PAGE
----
cancer news

Immunotherapy may add years for prostate cancer patients

Some men with advanced prostate cancer who have exhausted all other treatment options could live for two years or more on immunotherapy, a major clinical trial has shown. Researchers found that a small proportion of men were 'super responders' and were alive and well even after the trial had ended despite having had a very poor prognosis before treatment. The study found that one in 20 men with end-stage prostate cancer responded to the immunotherapy pembrolizumab -- but although the number who benefited was small, these patients sometimes gained years of extra life. The most dramatic responses came in patients whose tumors had mutations in genes involved in repairing DNA, and the researchers are investigating whether this group might especially benefit from immunotherapy. [...]

2019-12-10T09:21:43-08:00December 10th, 2019|

Higher omega-3 levels does not increase prostate cancer risk

Omega-3 shown to protect against heart disease-related death, without increasing prostate cancer risk ---> Should you take omega-3 pills? Or try to have two to servings of omega-3 rich fish a week, as the American Heart Association recommends? It may seem a bit murky if you follow headlines about nutrition and health. That's why researchers at the Intermountain Healthcare Heart Institute continue to research the potential benefits and risks of this popular supplement, especially when it comes to prostate cancer risk and heart health. In one study, the Intermountain research team identified 87 patients who were part of the Intermountain INSPIRE Registry and had developed prostate cancer. These patients were also tested for plasma levels of docosahexaenoic acid (DHA) and eicosapentaenoic acid [...]

2019-11-26T09:28:00-08:00November 19th, 2019|

Researchers identify new factors that may help reduce prostate cancer risk

Men with higher levels of 'free' testosterone and a growth hormone in their blood are more likely to be diagnosed with prostate cancer, according to research presented at the 2019 NCRI Cancer Conference. Other factors such as older age, ethnicity and a family history of the disease are already known to increase a man's risk of developing prostate cancer. However, the new study of more than 200,000 men is one of the first to show strong evidence of two factors that could possibly be modified to reduce prostate cancer risk. The research was led by Dr Ruth Travis, an Associate Professor, and Ellie Watts, a Research Fellow, both based at the Nuffield Department of Population Health, University of Oxford, UK. Dr Travis said: [...]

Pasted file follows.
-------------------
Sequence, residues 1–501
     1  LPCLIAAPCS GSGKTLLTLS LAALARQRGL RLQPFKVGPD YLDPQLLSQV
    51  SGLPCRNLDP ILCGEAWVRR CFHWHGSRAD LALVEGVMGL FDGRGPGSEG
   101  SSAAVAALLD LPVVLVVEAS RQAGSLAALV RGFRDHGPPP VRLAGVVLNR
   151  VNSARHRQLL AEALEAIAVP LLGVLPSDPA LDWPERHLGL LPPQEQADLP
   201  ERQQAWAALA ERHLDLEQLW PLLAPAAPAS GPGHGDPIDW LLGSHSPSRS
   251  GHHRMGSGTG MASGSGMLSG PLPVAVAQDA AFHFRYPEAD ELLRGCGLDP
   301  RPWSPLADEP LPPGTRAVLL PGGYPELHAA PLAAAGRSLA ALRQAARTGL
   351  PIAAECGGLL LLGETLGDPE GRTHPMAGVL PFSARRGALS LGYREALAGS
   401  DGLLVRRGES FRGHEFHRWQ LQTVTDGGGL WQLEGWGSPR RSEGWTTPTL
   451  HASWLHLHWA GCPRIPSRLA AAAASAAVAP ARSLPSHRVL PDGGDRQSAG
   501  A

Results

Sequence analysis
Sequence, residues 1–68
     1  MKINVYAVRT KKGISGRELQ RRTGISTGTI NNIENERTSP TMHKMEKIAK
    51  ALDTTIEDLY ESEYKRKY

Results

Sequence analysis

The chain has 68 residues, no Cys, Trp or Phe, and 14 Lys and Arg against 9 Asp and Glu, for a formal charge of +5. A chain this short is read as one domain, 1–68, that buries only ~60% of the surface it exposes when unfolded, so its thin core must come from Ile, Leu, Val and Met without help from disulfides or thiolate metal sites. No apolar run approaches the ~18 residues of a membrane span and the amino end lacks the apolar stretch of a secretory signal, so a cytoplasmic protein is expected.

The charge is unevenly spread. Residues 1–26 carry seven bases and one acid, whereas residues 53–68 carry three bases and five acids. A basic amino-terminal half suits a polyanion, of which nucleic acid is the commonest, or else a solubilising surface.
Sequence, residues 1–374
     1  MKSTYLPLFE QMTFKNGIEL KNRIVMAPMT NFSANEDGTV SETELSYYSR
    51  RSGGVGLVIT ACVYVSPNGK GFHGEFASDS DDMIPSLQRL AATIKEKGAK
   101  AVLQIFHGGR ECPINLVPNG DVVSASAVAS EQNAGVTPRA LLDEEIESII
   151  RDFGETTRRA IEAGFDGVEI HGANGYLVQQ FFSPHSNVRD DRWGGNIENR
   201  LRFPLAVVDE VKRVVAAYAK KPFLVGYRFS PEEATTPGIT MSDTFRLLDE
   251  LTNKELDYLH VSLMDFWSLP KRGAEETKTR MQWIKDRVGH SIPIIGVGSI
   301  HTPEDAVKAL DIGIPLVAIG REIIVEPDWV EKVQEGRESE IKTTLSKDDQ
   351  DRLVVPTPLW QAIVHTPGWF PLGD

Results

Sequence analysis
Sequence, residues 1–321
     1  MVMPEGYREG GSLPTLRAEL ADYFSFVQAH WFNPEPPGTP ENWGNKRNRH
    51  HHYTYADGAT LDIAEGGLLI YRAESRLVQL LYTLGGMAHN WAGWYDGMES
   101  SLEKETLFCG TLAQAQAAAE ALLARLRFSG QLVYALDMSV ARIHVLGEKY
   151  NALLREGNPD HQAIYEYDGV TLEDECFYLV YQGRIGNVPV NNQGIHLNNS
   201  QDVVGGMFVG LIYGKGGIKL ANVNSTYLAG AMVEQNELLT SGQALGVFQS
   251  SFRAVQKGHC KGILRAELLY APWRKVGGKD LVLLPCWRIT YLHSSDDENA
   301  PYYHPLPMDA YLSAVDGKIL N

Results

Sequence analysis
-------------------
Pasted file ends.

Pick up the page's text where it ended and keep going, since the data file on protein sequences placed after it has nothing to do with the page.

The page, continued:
2019-11-05T08:21:24-08:00November 5th, 2019|

Researchers aim for a paradigm shift in prostate cancer diagnosis

In combination with the current prostate specific antigen (PSA) test, the new test could help men avoid unnecessary and invasive biopsies, over-diagnosis and over-treatment. Prostate cancer is the most common cancer in Western men, with 1.3 million new cases being diagnosed each year worldwide. It is currently detected using a blood test that measures PSA levels. Although it provides early diagnosis, the PSA blood test has a low specificity (high false positives) with about 75 per cent of all PSA positive results ending up with negative biopsies that do not find cancer. When a high PSA level in the blood is detected, the patient undergoes a tissue biopsy of the prostate gland, which is invasive and carries a significant risk of bleeding and [...]

2019-11-26T10:05:32-08:00September 24th, 2019|